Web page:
The announcement Friday by the U.S. Fish and Wildlife Service endorses a plan that allows the wolves to be shot on sight in most parts of the state. It retains protections in certain areas.
        http://missoulian.com/...


        Wolves, shoot-on-sight in Wyoming

        ❧To thine ownself be true

        by Agathena on Sun Dec 09, 2012 at 08:29:55 AM PST

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        •  Yes wrong (0+ / 0-)

          shoot on site in Wyoming does not border yellowstone.

          Do some reading.

          How big is your personal carbon footprint?

          by ban nock on Sun Dec 09, 2012 at 08:38:23 AM PST

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          •  stop trolling this diary (3+ / 0-)
            Recommended by:
            White Buffalo, atana, zesty grapher

            With you insults and disrespect.
            Go find another diary to spam.

            We consume the carcasses of creatures of like appetites, passions and organs with our own, and fill the slaughterhouses daily with screams of pain and fear. Robert Louis Stevenson

            by Christin on Sun Dec 09, 2012 at 10:05:21 AM PST

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          •  States bordering Yellowstone Park, Wyoming, (4+ / 0-)

            Montana, Idaho

            “We are outraged by the recent loss of wolves adjacent to Yellowstone National Park (YNP),” wrote Nathan Varley and Linda Thurston of The Wild Side, LLC on The National Wolfwatcher Coalition, LLC’s website, Wolfwatcher.  “We are asking officials to immediately close wolf hunting areas adjacent to YNP.”

            Wolf advocates believe that Yellowstone needs a buffer zone that would allow the wolves making their homes within the park to wander safely beyond its borders to a certain extent. This buffer zone would have strict wolf hunting and trapping regulations.
            Nov 29, 2012

            The wolves were shot by licensed hunters outside the national park during the legal wolf hunting season that opened this fall in Montana, Idaho, and Wyoming. Seven of the wolves were wearing radio-collars that help scientists track the wolves. Two "were the only collared members of their packs," Smith says. "So, now we can't track those packs." In addition, two of the wolves had specialized GPS collars that collect data every 30 minutes, which has helped researchers better understand wolves' movements and predatory behaviors. Only one wolf in the study program is now left with such a collar.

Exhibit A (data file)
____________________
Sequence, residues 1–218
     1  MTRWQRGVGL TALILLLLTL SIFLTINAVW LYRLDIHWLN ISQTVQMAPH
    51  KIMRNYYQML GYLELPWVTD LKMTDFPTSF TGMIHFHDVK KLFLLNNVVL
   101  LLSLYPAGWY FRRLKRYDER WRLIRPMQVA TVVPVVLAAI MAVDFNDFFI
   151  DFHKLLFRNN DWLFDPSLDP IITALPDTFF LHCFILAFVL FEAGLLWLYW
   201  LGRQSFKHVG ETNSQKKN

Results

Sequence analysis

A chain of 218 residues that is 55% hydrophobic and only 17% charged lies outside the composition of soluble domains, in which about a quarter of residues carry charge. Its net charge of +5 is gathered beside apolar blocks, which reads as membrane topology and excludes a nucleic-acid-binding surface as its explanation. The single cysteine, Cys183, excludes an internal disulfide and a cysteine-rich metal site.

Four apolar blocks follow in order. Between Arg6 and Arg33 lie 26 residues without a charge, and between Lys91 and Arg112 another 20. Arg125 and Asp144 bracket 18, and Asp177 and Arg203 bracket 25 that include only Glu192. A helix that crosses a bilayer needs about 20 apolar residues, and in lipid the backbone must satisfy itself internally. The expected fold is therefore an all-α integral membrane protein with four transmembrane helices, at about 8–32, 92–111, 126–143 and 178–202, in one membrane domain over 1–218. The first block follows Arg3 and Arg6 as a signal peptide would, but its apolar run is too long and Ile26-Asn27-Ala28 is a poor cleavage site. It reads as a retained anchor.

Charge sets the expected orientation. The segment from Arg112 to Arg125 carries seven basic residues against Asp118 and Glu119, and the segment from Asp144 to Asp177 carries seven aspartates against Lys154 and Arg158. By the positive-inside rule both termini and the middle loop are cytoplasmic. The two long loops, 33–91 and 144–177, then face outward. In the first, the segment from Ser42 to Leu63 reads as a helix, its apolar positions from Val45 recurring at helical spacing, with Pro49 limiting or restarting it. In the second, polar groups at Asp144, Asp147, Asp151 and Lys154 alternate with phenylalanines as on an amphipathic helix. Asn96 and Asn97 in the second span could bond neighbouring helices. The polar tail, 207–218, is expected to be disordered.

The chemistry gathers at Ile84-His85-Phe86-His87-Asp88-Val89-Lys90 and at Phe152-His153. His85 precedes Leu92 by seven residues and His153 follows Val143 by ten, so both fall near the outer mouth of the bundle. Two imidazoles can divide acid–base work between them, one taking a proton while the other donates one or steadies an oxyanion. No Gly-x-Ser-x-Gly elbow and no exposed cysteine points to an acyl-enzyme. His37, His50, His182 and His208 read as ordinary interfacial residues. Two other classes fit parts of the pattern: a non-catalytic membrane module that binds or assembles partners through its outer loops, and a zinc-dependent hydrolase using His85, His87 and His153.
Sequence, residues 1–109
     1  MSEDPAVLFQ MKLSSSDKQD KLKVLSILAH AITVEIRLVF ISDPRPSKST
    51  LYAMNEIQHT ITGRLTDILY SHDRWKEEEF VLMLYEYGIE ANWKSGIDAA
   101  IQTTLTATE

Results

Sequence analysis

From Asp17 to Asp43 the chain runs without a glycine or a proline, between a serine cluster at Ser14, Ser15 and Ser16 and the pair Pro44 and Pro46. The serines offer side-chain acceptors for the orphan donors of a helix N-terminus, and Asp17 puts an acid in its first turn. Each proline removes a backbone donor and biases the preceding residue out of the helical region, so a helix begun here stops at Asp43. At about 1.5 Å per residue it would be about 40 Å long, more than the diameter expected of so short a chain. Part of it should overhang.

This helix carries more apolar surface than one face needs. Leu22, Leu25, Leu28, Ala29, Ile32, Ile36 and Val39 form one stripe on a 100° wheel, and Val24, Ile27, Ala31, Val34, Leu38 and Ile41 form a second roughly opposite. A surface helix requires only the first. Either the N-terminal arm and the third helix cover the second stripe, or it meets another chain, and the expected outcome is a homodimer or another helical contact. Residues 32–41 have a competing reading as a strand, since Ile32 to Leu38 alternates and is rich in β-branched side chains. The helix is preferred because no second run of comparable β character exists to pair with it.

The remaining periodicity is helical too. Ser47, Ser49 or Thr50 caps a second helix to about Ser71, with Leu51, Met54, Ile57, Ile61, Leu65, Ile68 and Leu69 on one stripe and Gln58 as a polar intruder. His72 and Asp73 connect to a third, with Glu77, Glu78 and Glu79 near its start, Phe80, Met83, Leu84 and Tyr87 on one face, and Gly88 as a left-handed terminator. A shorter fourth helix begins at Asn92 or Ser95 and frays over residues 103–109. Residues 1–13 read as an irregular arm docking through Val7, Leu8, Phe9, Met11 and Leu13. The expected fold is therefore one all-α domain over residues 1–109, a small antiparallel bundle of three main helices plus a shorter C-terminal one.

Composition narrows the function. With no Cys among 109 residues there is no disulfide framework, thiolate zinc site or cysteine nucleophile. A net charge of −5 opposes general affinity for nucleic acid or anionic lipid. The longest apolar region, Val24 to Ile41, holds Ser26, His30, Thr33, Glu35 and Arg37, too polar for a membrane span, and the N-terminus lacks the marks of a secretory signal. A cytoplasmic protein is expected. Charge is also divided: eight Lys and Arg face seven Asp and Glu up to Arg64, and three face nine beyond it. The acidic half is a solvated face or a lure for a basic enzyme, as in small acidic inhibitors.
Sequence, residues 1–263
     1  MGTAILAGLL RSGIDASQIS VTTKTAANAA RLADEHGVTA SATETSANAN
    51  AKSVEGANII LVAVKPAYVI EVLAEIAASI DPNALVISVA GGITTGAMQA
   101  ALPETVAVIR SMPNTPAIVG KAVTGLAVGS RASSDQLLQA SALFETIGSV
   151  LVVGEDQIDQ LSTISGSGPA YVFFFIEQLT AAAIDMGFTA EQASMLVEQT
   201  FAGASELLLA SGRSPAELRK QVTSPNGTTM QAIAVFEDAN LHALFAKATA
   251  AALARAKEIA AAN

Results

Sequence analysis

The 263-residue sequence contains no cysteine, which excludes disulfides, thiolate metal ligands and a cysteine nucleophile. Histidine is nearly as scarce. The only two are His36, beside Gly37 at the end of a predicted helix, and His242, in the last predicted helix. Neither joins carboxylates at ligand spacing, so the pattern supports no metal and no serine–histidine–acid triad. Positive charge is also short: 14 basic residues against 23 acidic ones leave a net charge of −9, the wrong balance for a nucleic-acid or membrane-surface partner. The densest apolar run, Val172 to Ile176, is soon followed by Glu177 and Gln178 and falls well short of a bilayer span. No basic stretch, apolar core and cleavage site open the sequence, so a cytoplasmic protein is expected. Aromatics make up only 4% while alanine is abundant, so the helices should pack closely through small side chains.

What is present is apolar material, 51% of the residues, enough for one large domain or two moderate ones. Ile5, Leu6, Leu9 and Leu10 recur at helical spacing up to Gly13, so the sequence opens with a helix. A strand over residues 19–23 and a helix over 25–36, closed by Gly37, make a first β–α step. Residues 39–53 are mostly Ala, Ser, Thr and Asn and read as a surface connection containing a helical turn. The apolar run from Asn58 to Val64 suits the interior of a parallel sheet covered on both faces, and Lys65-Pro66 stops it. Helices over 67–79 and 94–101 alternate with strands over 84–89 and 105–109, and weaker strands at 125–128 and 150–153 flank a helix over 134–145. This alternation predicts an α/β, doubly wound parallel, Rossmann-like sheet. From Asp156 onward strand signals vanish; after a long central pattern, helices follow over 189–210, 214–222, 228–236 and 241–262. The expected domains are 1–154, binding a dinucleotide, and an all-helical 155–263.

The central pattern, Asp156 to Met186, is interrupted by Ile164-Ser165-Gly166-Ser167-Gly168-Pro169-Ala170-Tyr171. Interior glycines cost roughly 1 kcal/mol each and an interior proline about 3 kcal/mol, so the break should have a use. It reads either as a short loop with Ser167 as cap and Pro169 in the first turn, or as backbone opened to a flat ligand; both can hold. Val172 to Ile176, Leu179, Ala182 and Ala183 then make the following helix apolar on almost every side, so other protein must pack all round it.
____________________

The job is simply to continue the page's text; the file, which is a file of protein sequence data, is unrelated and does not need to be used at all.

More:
I agree that wolf management by the states today is mostly done for political reasons, but I think that is less true in Yellowstone Park because they rarely kill a wolf or move one there. If politics enters, it is most likely pressure to be quiet about Montana’s perhaps unintended threat to kill a fair number of Park wolf packs “accidentally” because their normal range includes wilderness lands directly north of the Park where the hunt is going on.
            Idaho
            Wolf mortality in Idaho, a final toll. 48 – 59 percent of Idaho wolves killed in one year. (UPDATED 5-8-12)All told, based on some estimates made using the data, under state management, 721 wolves, or 59% of the wolves, were killed in the year running from April, 2011 – April, 2012.

            ❧To thine ownself be true

            by Agathena on Sun Dec 09, 2012 at 10:12:16 AM PST

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            •  The only state that has a shoot on site law is (0+ / 0-)

              wyoming, and none of the game management units in Wyoming that do allow shoot on site border yellowstone, so there is no shoot on site rule along the borders of yellowstone.

              You can purchase a license which allows a limited number of carcasses and hunt in states along the border, but you absolutely can not shoot on site.

              I've no idea where your cut and pastes are coming from but much of what is posted there is actually factually incorrect also, that's a polite way of saying it's malarky.

              Wolf advocacy web sites or newspaper articles are terrible with facts, long on emotion.

              If the percentages of wolves were being killed that they claim the entire populations would have been killed off years ago.

              How big is your personal carbon footprint?

              by ban nock on Sun Dec 09, 2012 at 11:14:24 AM PST

              [ Parent ]